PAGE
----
Water district plugs leaky roof
Oak Lodge remodeling improvements triple usable space
It's not every day that the guys who take care of your pipes invite the public over to check out their new pipes, so it was doubtless curiosity that drew scores of people this past month to the Oak Lodge Water District's open house for their remodeled offices.
The building at 14496 River Road, which serves the unincorporated area between Milwaukie and Gladstone, got a new roof in addition to plumbing. A previously flat roof leaked and caused mold and allergy problems among employees, so new paint and carpeting were also part of the district's $710,000 order.
'It's the same building, just different insides,' said Dan Bradley, OLWD general manager. 'The remodel's beautiful, and it's nice to have a window in my office when I didn't before, but it's nothing fancy.'
Now meeting ADA standards, the remodeled building triples the amount of usable space to 6,200 square feet by moving equipment to new outdoor sheds. A full kitchen is a favorite new feature among district staff, while for the public, a spacious boardroom replaces a space that will now be used for files and meetings of 10 or fewer people.
Bradley was proud that the district managed to save up for more than three years to pay for the renovation entirely in cash. He expects that district debt will be paid off in 2014 on a new reservoir and installation of sand filtration at a treatment facility financed by a consortium of North Clackamas water districts.
Leonard Waldemar said he joined the water district's board of directors a decade ago after the 'Don't flush our assets' campaign to oppose Clackamas County's failed proposal to consolidate sewer districts through the 'Clearwater' effort. Waldemar noted that district staff also suffered through no heat or air conditioning during the first phase of remodeling last year, but that was an example of the sacrifice he's seen the Oak Lodge districts make for the sake of efficiency over the years.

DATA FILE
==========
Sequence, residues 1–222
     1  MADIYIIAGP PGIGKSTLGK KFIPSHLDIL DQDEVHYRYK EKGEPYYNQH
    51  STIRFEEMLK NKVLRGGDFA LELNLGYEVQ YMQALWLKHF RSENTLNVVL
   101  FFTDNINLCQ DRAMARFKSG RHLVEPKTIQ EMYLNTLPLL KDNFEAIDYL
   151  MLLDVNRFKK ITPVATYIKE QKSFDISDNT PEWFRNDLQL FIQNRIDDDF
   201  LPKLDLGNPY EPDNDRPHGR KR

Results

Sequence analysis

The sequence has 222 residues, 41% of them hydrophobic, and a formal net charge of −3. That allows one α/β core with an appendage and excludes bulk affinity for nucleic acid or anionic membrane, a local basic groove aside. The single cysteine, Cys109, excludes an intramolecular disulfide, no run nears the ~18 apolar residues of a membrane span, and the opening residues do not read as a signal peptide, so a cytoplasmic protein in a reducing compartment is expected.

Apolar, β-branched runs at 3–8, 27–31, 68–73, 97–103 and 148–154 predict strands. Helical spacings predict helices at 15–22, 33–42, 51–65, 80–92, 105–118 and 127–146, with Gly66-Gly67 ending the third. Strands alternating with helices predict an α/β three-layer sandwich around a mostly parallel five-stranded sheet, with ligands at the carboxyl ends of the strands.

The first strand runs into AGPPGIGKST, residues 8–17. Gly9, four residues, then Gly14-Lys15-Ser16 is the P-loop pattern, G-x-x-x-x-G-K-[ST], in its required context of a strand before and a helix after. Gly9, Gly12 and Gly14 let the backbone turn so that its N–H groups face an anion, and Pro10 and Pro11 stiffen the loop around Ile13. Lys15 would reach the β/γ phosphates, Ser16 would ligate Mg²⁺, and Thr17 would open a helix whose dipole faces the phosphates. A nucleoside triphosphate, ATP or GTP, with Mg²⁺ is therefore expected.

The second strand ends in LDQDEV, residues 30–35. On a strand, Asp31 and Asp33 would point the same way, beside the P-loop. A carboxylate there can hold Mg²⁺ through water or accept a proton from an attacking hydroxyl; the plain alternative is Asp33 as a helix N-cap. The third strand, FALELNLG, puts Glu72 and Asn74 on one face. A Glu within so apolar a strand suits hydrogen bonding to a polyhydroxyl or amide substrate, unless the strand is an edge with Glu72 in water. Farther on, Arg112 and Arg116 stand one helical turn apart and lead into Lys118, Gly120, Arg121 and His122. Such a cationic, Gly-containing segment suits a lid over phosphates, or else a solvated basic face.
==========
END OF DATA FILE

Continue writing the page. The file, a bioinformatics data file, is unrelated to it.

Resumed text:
On Aug. 10, directors voted 3-2 to raise the bimonthly base water rate from $10.11 by $8.65 a month. OLWD customer service representative Mysty Dionne said the increase was due to PGE bills, not the new building.
The Oak Lodge Sanitary District, formed separately from OLWD in 1956, is also working on a major rebuild.
OLSD's old plant experienced an interruption of chorine disinfection July 13-14 that discharged about a million gallons of otherwise treated sewage into the Willamette River. Investigation is continuing into what OLSD General Manager J. Michael Read suspects was a failure of the flow meter to provide chlorine dosage information and, in the meantime, warning signs were posted at nearby boat ramps and River Villa Park.
On Nov. 3, 2009, 85 percent of voters authorized OLSD to issue $44 million in general obligation bonds to rebuild its wastewater treatment plant. Construction began last summer and will continue through 2013.
Meanwhile, Clackamas County finished its largest sewer project this year. The grand opening of the $85-million expansion of the Tri-City sewage treatment plant in Oregon City took place Thursday, Aug. 4.